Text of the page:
Since December 15, people have amazed me. Ninety-eight percent of the time, it’s been in the most positive ways you can ever imagine. I am humbled by the love, generosity, support, shared tears, unselfishness, authenticity, and pure kindness of each and every person who has formed a circle of care around us — those who know us or knew Chandler and those who only know us indirectly.
People often ask, “How are you doing?” followed immediately by, “I know that’s a stupid question.” As far as I’m concerned, it’s NEVER a stupid question as long as the person asking it actually wants to know how you’re doing.
Stupid questions imply that there is only one obvious answer, and you should know it. There are a multitude of answers that could be offered on any given day or moment to the question, “How are you doing?’ And it’s not always obvious which answer may emerge.
In the case of someone who is trying to find a way to patch a gaping, jagged hole in the fiber of his or her being, the answer could be anything from, “I’m doing great today” to “I don’t see a reason to go on” and anything in between.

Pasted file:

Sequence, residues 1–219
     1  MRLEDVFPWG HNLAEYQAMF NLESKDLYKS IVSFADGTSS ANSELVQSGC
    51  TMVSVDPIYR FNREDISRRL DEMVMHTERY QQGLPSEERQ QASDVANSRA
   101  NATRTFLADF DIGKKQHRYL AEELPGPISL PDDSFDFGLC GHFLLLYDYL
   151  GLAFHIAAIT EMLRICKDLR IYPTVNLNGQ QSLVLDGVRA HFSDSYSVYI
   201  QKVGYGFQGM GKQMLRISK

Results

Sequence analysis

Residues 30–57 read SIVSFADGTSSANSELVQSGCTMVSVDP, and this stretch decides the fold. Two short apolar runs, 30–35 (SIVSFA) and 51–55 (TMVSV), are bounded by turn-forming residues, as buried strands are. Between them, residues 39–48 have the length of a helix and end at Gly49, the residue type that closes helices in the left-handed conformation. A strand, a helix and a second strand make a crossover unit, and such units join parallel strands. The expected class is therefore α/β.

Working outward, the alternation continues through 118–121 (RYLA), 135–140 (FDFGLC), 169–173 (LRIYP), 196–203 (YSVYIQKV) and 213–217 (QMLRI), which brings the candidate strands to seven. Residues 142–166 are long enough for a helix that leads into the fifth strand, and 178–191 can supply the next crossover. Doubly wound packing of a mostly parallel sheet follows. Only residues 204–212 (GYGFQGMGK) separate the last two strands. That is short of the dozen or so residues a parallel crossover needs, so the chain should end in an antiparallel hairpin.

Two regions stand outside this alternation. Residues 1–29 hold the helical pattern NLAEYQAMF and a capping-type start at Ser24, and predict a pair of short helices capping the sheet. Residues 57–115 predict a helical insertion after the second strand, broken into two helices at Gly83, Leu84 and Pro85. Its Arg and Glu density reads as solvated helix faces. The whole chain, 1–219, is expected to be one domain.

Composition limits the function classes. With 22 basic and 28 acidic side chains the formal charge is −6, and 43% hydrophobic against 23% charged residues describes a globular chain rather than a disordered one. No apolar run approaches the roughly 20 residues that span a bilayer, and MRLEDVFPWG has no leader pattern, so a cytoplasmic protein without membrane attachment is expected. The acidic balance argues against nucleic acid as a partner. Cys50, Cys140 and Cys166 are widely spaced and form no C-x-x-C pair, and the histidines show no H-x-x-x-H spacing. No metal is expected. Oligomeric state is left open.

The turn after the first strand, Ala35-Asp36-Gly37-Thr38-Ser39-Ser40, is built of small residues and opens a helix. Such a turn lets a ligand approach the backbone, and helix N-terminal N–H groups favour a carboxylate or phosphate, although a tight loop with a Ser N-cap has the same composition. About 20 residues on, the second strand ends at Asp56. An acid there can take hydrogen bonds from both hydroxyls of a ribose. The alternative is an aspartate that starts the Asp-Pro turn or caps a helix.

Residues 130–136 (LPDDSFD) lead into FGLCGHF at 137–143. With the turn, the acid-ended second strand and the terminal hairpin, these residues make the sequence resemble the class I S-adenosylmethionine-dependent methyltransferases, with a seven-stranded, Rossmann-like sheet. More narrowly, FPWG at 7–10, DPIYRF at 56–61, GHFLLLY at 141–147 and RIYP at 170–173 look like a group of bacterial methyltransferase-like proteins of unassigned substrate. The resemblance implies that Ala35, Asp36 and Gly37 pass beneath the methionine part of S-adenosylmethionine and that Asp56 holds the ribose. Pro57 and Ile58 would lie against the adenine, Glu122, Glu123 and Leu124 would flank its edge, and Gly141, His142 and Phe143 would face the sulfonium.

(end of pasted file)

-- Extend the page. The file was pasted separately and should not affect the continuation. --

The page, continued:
Today was a really good day. I loved being at work. I loved stopping by HotWorx to do Pilates in 125-degree heat. My answer during most of those moments would have been, “I’m doing as OK as you can do in this circumstance.”
But if you asked me when I got home and saw the AAA car insurance cancellation notice with Chandler’s name on the envelope, I would have said, “Just shitty.”
In general, I think I’m doing really well. Sometimes I wonder if a shoe is about to drop and I won’t be doing well. I am a bundle of contradictions. I’m happy and joyful and yet profoundly sad. I’m energetic and yet lethargic. I’m passionate and yet apathetic. I’m finding my way and yet lost.
Please know that I am making this up as I go along, this process of grieving the loss of my son Chandler. I’ve never done this before, and even if I had, these specific circumstances and constellation of details would be different than for any other loss. I don’t know the right questions to ask or the right responses.
So when you ask, “How are you doing?” I will be as honest as I can. And I won’t call your question stupid if you won’t call my answer stupid. Deal?